Learning and Memory Hardcover – May 17 1991
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About the Author
Daniel Reisberg is The Patricia and Clifford Lunneborg Professor of Psychology at Reed College in Portland, Oregon. Professor Reisberg's research has focused on the nature of mental imagery as well as on people's ability to remember emotionally significant events. He has served on the editorial boards of many cognitive psychology journals, and is the editor of the Oxford Handbook of Cognitive Psychology. Reisberg also consults extensively with law enforcement and the justice system, and is the author of The Science of Perception and Memory: A Pragmatic Guide for the Justice System. Barry Schwartz is Dorwin Cartwright Professor of Social Theory and Social Action in the psychology department at Swarthmore College. Schwartz has published widely in scholarly journals in the field of learning and motivation. In addition, he is the author of Behaviorism, Science, and Human Nature (with Hugh Lacey), The Battle for Human Nature, and The Costs of Living.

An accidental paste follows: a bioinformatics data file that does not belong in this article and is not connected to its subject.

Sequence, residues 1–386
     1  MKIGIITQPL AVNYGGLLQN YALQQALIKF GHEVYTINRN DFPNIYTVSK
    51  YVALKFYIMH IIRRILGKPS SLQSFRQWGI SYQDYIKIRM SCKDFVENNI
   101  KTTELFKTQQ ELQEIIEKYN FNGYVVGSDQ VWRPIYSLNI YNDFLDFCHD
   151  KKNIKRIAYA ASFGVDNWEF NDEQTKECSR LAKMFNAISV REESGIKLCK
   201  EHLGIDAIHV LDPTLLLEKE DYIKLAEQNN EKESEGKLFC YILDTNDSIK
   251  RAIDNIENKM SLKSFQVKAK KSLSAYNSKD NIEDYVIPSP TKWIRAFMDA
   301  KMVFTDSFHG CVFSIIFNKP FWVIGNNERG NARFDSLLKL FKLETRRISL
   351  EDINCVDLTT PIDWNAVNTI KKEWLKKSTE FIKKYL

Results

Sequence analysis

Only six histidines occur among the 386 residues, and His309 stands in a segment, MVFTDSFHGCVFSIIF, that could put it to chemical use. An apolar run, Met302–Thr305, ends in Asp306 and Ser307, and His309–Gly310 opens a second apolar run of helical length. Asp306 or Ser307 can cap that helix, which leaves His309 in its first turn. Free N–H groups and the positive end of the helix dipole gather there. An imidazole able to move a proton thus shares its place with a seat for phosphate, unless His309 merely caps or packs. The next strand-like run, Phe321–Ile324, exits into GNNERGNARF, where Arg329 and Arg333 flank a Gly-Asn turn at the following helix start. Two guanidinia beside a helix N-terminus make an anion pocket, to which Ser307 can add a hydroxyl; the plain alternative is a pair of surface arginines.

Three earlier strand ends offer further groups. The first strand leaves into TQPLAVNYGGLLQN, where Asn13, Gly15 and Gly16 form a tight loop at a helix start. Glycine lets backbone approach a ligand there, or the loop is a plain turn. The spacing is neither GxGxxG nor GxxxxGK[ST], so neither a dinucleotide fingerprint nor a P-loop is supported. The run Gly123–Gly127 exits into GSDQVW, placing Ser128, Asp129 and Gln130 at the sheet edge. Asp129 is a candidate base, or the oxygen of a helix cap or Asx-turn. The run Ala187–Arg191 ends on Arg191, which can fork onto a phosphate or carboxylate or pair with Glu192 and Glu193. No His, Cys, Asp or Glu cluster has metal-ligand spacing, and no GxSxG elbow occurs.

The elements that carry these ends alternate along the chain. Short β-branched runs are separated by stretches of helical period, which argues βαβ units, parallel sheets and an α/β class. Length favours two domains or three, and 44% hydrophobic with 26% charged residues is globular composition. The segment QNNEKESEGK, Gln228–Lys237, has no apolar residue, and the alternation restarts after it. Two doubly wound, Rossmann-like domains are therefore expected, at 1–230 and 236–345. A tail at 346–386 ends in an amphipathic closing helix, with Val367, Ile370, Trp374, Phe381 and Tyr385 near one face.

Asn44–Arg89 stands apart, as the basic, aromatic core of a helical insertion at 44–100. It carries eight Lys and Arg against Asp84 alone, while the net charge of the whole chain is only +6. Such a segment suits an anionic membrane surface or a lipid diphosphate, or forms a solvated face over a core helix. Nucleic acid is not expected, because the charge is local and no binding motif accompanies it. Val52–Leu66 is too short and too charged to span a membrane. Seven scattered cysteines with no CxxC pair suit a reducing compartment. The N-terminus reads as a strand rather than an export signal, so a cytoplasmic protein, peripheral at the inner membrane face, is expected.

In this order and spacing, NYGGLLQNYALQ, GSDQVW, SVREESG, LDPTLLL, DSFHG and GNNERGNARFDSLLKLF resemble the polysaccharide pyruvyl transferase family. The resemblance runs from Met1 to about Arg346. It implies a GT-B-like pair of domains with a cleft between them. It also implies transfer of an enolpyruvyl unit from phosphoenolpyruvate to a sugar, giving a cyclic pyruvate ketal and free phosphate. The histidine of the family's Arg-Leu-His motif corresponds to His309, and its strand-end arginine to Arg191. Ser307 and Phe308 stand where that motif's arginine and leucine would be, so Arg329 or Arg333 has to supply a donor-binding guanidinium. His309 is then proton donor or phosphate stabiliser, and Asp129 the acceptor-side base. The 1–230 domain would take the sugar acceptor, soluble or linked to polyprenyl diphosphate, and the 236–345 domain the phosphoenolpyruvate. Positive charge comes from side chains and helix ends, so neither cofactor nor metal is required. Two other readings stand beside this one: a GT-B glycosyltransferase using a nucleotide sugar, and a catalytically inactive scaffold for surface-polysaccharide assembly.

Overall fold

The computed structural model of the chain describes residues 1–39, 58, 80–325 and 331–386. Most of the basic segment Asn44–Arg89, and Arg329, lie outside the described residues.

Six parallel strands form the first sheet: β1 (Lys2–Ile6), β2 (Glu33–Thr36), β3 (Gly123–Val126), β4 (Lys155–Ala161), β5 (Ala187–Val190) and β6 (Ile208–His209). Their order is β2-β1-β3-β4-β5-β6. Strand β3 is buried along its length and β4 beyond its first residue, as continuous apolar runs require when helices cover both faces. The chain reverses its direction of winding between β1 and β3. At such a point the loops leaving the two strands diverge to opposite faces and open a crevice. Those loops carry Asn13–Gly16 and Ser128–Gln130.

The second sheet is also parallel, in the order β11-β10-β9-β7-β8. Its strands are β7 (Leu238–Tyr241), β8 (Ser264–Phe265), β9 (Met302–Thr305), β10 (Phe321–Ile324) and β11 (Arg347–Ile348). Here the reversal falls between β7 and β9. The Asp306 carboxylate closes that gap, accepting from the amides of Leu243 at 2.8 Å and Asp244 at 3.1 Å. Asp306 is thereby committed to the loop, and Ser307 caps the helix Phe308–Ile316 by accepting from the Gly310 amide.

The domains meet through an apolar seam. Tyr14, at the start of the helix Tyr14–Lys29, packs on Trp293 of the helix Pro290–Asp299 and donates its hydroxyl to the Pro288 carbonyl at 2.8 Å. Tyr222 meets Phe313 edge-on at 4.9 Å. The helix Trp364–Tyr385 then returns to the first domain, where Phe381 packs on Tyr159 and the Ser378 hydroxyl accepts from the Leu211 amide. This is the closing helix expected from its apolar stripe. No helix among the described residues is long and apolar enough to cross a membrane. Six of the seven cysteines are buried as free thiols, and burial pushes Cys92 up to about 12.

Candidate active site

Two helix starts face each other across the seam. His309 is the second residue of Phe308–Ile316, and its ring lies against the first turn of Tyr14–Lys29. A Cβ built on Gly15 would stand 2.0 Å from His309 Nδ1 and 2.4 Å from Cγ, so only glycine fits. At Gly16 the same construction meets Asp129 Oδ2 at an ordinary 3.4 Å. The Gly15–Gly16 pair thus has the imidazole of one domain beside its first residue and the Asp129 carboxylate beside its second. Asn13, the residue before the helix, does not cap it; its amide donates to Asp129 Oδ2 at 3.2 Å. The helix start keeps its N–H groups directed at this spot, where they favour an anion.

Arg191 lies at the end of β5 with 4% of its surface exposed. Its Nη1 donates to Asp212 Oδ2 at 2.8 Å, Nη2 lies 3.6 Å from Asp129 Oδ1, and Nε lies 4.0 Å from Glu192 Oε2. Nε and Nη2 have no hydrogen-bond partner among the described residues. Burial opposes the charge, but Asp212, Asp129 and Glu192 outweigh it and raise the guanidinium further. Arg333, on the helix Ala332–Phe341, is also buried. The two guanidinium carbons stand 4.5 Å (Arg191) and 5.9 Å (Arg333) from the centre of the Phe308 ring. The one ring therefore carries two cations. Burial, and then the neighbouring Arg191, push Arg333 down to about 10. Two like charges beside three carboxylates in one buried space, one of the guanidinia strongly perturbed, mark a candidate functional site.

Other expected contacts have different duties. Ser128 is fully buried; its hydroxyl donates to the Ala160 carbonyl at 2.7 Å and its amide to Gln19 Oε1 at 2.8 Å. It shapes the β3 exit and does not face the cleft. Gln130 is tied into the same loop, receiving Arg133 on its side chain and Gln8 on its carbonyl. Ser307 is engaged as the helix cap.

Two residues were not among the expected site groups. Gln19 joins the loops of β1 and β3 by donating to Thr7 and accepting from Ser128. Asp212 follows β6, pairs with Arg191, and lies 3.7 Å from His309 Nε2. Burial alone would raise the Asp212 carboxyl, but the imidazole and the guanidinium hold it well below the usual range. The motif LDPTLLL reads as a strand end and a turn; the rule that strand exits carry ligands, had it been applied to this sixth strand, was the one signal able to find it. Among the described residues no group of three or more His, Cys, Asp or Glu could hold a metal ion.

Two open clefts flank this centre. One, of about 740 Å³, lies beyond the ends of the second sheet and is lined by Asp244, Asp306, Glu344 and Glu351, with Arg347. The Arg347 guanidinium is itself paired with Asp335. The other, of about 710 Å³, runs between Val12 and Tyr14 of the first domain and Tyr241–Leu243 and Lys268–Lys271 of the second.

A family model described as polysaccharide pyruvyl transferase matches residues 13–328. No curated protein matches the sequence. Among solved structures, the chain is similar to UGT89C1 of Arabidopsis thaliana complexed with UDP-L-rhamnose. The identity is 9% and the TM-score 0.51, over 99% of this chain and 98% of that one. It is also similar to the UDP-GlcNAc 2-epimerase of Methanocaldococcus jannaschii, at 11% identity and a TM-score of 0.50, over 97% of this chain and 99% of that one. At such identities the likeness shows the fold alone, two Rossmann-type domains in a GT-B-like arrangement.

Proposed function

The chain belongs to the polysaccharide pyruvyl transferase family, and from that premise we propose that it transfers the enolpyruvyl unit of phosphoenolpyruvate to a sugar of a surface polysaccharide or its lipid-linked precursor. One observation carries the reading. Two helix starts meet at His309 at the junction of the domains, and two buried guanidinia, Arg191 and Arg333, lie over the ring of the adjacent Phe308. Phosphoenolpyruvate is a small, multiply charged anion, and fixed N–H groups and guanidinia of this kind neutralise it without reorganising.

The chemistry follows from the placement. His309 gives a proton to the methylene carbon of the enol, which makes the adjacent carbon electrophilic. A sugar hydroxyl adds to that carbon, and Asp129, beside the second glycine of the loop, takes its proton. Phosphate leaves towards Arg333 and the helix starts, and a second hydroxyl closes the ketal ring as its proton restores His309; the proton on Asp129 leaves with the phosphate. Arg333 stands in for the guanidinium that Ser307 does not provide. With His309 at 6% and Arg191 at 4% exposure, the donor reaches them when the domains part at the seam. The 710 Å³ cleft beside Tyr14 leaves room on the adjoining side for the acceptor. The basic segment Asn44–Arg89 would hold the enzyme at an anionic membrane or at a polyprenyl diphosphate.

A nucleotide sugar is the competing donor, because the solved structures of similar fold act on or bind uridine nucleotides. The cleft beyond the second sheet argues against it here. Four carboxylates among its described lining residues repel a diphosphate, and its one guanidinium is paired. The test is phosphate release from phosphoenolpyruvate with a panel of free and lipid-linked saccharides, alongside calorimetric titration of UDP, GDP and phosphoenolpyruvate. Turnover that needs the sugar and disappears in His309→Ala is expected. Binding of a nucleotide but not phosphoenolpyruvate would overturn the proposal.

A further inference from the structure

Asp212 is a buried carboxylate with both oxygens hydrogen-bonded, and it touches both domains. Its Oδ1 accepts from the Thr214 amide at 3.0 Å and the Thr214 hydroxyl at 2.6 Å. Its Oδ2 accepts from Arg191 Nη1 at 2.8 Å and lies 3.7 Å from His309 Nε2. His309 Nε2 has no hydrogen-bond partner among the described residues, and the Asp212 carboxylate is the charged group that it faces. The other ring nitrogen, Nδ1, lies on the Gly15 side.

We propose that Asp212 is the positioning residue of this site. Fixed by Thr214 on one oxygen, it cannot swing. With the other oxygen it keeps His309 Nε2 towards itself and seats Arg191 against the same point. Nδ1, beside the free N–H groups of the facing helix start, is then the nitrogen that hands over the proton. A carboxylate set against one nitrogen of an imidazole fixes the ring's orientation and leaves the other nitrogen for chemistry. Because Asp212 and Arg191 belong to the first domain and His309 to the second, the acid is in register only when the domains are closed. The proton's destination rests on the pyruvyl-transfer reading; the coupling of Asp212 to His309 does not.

Most Helpful Customer Reviews on Amazon.com (beta)
The original edition was written in two parts in an attempt to fuse animal psychology and human cognition. Animal cognition was an attempt to fuse the two fields but was dealt with in separate texts. The authors of the second edition write as if they did not understand this fact. Gordon's name is apparently continued on the new edition in order to sell a few more copies or to make it more appealing.
I have taught a course on Learning in the Psychology Department for fifteen years,and found the first edition to be better than the second. When I shifted to the second edition it was, I felt, the best available text.
The students who take the course are of two types, those who are interested and those who are disinterested. Those who are disinterested are put to sleep because tney do not understand the relevance of the subject matter. The first part of the book deals primarily with the Classical and Operant conditioning of animals. This directly relates to some of the methods used currently in Clinical Psychology. This is where the new authors should have introduced human examples of clinical work utilizing conditioning.
Overall the book is decent. It requires that the instructor use live examples to drive home a few salient points. I had rats in Skinner Boxes and used the students in memory experiments. The students liked evaluating what their minds were capable of performing.
There should be a new edition. Books like this require an update every five years.
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